I really don’t see why adults shouldn’t share apps with their children in just the same way that they share print books with them. Anecdotally, from our social media and other contact with parents, that’s just what the parents who read picture books to their children but also have access to iPads do.
That’s Kate Wilson of Nosy Crow, in a widely applauded and deeply detailed essay: A Defence of Story Apps After a Speaker at the Bookseller Childrens’ Conference Said That Apps Interfered With Story.
Wilson’s “well-argued riposte,” as characterized by my colleague Philip Jones at The Bookseller for The FutureBook inThis other country, was saying this, per Jones:
Her chief point was that “successful making of story apps requires an understanding that apps are another country, and we should do things differently there”. Furthermore, publishers absolutely have a responsibility to be wherever children are. “If children are spending a lot of time with touch-screen devices, I think that we should want reading to be part of the entertainment they find there. And I think that, if they find reading there, it has to compete effectively with other things they find in the same place – TV, games and social media.”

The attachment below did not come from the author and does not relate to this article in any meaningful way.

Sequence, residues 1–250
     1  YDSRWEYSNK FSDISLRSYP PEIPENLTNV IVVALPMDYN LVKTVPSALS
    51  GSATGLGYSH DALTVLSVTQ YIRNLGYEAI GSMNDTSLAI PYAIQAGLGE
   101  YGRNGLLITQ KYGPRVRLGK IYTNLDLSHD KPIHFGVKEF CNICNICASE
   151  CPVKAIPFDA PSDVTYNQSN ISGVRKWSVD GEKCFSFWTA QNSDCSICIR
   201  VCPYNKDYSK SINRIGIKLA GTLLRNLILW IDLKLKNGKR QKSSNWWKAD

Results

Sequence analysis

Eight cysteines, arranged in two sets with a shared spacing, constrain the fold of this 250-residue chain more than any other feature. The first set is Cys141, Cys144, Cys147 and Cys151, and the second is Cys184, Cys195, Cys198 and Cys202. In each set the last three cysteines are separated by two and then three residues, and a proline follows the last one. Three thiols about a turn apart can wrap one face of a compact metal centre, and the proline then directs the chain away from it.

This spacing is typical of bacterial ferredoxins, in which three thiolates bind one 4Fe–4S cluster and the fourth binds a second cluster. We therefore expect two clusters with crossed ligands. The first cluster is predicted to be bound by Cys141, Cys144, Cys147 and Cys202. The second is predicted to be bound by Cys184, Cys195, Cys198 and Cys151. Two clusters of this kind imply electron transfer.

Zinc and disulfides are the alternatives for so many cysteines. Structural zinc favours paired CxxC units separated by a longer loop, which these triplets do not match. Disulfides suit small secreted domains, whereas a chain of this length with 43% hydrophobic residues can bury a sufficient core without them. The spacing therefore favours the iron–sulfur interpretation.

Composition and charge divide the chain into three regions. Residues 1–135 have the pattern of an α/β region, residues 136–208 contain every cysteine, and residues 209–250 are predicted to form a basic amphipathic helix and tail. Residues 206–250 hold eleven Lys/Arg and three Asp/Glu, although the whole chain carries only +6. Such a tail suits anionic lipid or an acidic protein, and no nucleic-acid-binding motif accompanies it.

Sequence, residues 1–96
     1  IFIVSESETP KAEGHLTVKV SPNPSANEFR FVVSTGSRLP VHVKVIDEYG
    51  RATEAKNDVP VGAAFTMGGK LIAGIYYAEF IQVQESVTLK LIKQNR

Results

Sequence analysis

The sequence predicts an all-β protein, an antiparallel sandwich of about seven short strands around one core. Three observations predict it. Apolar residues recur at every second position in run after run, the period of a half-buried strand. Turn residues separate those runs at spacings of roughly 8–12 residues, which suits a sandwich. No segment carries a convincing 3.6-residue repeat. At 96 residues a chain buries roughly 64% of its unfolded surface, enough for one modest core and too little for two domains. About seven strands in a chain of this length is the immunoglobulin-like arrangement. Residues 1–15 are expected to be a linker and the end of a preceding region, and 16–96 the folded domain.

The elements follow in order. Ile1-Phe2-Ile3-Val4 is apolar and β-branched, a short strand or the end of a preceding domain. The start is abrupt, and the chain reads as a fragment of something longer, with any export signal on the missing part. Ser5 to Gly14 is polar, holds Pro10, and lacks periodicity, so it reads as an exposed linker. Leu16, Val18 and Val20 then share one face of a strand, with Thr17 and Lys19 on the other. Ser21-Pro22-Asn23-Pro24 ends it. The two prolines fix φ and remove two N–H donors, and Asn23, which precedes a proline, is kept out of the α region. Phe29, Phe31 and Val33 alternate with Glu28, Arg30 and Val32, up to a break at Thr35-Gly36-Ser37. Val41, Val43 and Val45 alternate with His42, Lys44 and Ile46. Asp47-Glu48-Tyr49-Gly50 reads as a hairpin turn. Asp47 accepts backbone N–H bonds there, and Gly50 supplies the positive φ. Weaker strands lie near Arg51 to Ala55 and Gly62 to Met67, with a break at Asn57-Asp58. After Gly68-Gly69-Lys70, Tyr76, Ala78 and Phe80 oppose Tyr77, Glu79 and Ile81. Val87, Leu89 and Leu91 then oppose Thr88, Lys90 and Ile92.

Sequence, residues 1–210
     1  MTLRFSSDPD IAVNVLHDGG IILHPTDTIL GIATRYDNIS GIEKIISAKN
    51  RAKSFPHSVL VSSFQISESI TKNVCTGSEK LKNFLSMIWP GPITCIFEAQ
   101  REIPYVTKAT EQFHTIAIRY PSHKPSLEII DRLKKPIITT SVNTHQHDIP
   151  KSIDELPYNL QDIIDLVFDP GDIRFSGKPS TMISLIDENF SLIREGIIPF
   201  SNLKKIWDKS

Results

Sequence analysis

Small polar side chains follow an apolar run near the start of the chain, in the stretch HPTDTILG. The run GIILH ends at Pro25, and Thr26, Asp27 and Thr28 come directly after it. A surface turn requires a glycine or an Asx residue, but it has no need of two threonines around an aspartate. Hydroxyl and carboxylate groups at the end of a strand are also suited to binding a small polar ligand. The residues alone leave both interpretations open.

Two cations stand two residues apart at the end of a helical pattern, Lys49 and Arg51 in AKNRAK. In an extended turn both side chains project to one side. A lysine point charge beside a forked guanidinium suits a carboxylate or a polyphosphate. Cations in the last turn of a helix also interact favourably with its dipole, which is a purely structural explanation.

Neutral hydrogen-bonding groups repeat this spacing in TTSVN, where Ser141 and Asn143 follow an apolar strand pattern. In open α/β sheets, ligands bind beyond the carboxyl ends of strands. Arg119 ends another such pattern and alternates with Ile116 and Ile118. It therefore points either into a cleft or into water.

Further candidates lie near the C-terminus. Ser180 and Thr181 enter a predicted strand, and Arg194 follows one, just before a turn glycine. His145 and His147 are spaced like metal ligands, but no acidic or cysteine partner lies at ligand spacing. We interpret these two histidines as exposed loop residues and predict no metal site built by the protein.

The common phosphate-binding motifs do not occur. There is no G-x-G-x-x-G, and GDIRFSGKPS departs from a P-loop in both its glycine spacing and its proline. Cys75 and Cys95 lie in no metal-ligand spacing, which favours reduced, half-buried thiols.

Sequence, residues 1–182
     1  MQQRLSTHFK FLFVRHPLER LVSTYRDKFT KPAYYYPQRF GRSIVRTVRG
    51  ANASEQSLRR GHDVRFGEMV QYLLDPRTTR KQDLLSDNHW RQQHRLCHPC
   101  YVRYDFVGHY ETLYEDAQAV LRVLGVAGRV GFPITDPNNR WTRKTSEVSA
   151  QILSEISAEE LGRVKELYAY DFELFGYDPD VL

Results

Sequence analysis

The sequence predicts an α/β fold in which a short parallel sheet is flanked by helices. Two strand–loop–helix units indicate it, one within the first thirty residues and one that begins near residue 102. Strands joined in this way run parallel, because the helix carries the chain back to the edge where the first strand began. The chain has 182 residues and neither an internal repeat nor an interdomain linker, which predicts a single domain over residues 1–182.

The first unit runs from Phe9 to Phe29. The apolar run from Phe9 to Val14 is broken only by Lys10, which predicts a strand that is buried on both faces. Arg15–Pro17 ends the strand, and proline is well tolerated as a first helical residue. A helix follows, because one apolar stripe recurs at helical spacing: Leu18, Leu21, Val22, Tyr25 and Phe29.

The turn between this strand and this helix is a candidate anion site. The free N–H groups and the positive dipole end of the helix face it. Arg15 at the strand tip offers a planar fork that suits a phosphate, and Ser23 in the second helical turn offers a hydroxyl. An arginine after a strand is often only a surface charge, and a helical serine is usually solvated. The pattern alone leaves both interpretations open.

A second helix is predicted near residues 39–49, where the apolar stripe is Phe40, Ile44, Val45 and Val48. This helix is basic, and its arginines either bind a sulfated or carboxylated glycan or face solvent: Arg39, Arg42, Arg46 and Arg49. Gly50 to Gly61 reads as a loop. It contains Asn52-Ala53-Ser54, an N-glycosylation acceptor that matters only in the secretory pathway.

Meanwhile, another thoughtful write on the subject from Bev Humphrey, a speaker at the #kidsconf14, as we hashtagged The Bookseller Children’s Conference last week. In The Bookseller app debate, Humphrey writes:
One of the biggest issues that came out of it was whether book apps are a good thing. Nicolette Jones, children’s editor of the Sunday Times was somewhat scathing about apps…In her opinion too much interactivity takes up the space in your imagination that you would be using with a classic picture book.
And there, Humphrey is getting at the heart of the problem perceived by many with a lot of apps: The technological capabilities — the “enhancements,” as they’re sometimes called of video, image, audio, interactivity — actually get in the way of the immersive-reading imaginative context for children, rather than support or deepen that experience.
By all accounts I’ve read, Nosy Crow’s consistently acclaimed apps are the exception. They make a point of overcoming this, and — when Wilson gave me a #PorterMeets interview for The Bookseller — she told me something she says every chance someone gives it to her:
Reading must not be the most boring thing a child can do on a touchscreen.
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By Porter Anderson | @Porter_Anderson
The FutureBook: Would You Give an App to a Child?
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